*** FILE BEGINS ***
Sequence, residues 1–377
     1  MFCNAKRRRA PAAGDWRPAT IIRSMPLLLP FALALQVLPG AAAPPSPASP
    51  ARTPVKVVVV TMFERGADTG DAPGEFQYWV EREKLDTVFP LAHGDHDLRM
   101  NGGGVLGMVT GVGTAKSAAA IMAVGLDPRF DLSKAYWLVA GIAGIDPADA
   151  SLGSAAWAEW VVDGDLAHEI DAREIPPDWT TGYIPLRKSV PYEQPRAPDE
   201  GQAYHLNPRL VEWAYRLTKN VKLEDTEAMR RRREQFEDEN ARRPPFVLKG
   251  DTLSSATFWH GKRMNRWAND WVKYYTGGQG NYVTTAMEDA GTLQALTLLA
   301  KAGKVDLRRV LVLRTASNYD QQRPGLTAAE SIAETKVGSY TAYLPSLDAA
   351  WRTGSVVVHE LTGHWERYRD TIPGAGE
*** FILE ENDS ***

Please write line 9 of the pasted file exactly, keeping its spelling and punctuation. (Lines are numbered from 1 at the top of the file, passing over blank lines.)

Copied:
   351  WRTGSVVVHE LTGHWERYRD TIPGAGE